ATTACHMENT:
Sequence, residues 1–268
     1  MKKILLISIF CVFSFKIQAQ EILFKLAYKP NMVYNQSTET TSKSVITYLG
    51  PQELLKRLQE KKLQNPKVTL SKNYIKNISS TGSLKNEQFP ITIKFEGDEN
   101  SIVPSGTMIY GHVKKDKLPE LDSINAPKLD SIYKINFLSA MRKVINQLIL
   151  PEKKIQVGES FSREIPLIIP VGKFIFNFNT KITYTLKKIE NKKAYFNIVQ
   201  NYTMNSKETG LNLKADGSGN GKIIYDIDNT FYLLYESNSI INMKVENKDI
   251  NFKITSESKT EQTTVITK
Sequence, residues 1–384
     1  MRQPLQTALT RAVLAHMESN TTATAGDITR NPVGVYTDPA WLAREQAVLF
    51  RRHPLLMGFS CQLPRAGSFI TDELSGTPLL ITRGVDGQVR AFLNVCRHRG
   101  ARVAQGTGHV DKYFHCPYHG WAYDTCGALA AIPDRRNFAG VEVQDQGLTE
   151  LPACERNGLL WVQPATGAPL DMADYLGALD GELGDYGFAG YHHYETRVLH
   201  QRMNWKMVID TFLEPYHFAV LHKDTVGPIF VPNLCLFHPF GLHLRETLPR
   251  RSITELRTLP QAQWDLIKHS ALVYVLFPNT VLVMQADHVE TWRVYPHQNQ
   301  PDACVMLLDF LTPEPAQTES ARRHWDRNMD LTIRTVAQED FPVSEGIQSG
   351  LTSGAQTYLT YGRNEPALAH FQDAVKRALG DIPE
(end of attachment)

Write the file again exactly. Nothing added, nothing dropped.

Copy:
Sequence, residues 1–268
     1  MKKILLISIF CVFSFKIQAQ EILFKLAYKP NMVYNQSTET TSKSVITYLG
    51  PQELLKRLQE KKLQNPKVTL SKNYIKNISS TGSLKNEQFP ITIKFEGDEN
   101  SIVPSGTMIY GHVKKDKLPE LDSINAPKLD SIYKINFLSA MRKVINQLIL
   151  PEKKIQVGES FSREIPLIIP VGKFIFNFNT KITYTLKKIE NKKAYFNIVQ
   201  NYTMNSKETG LNLKADGSGN GKIIYDIDNT FYLLYESNSI INMKVENKDI
   251  NFKITSESKT EQTTVITK
Sequence, residues 1–384
     1  MRQPLQTALT RAVLAHMESN TTATAGDITR NPVGVYTDPA WLAREQAVLF
    51  RRHPLLMGFS CQLPRAGSFI TDELSGTPLL ITRGVDGQVR AFLNVCRHRG
   101  ARVAQGTGHV DKYFHCPYHG WAYDTCGALA AIPDRRNFAG VEVQDQGLTE
   151  LPACERNGLL WVQPATGAPL DMADYLGALD GELGDYGFAG YHHYETRVLH
   201  QRMNWKMVID TFLEPYHFAV LHKDTVGPIF VPNLCLFHPF GLHLRETLPR
   251  RSITELRTLP QAQWDLIKHS ALVYVLFPNT VLVMQADHVE TWRVYPHQNQ
   301  PDACVMLLDF LTPEPAQTES ARRHWDRNMD LTIRTVAQED FPVSEGIQSG
   351  LTSGAQTYLT YGRNEPALAH FQDAVKRALG DIPE